War of the Rebellion: Serial 119 Page 0154 PRISONERS OF WAR AND STATE, ETC.

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[JULY 27, 1863. -For Cuyler to Hammond, in relation to condition of Confederate prisoners (wounded) after battle of Gettysburg and their transportation to other points, &c., see Series I, Vol. XXVII, Part I, p. 24.]


Springfield, July 27, 1863.

Colonel J. M. JOHNSON, Commanding at Cassville:

COLONEL: I send by your messenger answer to General Cabell to be sent to him by flag of truce.

The flag of truce will be dismissed on delivery of the inclosure for General Cabell expecting the party or parties detected in attempting to pass letters into our lines. He or they will be sent under guard to this post with the witnesses in the case.

You will provide for the wants of Captain Palmer and party on their return, and admonish the captain that the next flag-of-truce party similarly implicated will be held as spies, one and all.

I have the honor to be, your obedient servant,


Brigadier-General, Commanding.



Springfield, Mo., July 27, 1863.

Brigadier General W. L. Cabel,

Commanding Northwestern Arkansas, in the Field:

SIR: I have the honor to acknowledge your communication of June 30* demanding the release of two prisoners named Dotson and Spencer; also copy of an exchange noticed published at Richmond, Va., under date of May 11, 1863.

Not having any orders that agreed with the above-named notice, I referred the whole matter to the commanding general of this military department, who in reply says:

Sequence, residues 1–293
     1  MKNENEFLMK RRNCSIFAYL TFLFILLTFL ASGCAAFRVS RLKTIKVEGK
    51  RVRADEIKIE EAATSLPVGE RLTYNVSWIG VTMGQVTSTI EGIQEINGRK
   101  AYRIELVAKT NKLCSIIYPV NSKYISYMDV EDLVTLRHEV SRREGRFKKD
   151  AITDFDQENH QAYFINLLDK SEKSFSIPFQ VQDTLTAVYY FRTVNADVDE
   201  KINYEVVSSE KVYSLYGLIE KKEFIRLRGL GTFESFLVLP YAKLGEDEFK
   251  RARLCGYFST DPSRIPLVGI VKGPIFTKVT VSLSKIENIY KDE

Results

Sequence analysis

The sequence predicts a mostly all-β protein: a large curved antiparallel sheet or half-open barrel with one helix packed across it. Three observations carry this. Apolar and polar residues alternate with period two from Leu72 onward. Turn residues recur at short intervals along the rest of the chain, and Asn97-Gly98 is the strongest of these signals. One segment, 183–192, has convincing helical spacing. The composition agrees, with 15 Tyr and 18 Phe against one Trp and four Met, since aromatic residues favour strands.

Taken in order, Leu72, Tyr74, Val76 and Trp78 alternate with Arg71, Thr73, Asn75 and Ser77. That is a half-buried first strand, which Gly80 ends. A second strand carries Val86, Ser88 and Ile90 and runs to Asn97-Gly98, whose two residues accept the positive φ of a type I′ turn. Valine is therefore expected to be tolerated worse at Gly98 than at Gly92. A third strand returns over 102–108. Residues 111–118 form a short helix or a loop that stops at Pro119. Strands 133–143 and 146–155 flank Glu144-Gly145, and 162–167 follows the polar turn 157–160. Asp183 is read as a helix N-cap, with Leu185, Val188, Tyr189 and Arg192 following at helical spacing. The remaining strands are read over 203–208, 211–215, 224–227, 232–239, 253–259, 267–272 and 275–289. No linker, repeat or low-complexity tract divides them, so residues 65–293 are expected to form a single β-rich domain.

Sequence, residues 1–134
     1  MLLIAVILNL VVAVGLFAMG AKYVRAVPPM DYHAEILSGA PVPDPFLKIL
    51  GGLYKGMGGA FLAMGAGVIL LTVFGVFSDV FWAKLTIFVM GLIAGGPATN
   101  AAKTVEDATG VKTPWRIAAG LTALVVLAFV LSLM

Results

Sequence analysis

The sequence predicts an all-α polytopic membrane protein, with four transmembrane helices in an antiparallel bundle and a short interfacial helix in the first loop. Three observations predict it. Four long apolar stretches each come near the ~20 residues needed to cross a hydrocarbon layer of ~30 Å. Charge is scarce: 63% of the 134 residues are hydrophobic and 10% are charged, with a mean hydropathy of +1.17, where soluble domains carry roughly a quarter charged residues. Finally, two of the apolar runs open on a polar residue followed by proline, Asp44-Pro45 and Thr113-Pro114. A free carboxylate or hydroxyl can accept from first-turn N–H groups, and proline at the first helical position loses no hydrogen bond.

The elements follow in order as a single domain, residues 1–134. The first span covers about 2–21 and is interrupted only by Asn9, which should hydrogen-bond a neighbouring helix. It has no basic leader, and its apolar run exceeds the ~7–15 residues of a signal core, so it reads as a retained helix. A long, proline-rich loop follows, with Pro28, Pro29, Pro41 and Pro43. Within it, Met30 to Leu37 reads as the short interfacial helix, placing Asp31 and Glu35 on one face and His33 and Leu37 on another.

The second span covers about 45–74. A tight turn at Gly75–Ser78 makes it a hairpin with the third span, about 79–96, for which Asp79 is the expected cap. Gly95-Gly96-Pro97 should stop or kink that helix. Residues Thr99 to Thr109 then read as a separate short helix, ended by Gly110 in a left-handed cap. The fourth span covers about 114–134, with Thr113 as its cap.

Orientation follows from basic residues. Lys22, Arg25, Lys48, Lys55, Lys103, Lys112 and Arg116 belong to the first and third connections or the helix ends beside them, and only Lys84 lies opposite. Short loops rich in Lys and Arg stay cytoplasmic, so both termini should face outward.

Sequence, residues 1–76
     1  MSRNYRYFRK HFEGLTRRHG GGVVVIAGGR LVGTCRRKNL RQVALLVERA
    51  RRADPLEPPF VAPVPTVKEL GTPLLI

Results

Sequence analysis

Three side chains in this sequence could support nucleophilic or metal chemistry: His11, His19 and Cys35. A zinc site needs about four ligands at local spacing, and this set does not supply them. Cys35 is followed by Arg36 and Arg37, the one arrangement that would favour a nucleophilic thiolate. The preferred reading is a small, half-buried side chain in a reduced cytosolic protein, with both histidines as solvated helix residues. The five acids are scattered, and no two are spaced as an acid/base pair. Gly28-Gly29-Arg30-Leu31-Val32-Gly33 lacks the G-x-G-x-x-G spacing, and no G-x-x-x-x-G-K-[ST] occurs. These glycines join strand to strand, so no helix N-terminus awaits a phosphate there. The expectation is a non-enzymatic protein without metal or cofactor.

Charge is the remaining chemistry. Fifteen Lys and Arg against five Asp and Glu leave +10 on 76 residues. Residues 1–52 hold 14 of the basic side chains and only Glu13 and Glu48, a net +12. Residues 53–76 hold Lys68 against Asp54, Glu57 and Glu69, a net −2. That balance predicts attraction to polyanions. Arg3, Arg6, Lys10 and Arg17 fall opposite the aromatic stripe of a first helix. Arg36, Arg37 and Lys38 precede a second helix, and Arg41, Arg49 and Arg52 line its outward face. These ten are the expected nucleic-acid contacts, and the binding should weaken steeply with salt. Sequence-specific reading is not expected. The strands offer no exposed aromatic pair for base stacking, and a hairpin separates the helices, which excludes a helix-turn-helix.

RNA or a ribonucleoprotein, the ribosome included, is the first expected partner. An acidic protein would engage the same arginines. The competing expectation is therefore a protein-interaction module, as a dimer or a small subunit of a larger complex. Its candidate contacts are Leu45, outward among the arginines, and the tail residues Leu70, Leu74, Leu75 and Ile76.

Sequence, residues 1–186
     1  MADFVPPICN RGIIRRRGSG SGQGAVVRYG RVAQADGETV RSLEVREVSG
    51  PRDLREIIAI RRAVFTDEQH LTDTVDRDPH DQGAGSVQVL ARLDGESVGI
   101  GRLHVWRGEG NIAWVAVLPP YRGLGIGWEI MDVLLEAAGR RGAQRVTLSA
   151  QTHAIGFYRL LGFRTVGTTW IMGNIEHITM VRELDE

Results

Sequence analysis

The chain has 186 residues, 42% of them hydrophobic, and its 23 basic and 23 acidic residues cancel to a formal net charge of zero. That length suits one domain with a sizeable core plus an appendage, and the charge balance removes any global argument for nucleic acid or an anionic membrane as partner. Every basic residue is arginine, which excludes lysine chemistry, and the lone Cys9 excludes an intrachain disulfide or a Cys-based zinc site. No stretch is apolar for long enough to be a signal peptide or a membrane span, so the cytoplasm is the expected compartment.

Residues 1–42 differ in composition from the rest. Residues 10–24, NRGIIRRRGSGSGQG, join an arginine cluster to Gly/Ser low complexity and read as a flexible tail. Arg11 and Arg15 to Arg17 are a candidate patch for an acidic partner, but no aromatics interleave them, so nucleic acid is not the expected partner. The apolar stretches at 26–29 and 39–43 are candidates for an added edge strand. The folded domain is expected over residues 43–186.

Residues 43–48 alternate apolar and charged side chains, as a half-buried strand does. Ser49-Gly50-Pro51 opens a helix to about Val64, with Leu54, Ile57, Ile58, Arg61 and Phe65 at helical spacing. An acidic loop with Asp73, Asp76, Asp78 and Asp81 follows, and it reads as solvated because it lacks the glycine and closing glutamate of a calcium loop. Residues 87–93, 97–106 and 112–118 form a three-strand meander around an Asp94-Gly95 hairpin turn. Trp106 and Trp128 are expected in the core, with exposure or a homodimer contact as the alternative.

The exchange notice published in Richmond is decided by our authorities too general in its terms, and is now under revision by the commissioners for exchange. The prisoners will be disposed of according to the final agreement of the commissioners if it is found to apply to their cases.

I am also directed to report the cases in question that the may determine whether they come under existing rules.

You will thus see that there is every disposition to give the parties in whose behalf you have interested yourself the full benefit of any agreement there now exists or may exist between the Government of the United States and the military authorities of the revolting States.

I would respectfully state to you in this connection that your threat of unjustifiable retaliation can have no effect on the determination of this case. Justice will be done and duty performed without regard to consequence.

You need not be reminded, general, that retaliation is a game that two can play at, and I sincerely hope you may not set me any lessons that will compel me to better the instructions.

I regret to have to state that I have notice (by telegraph) from the commandant at Cassville that some person or persons connected with your flag of truce have been guilty of an attempt to convey written


* Not found.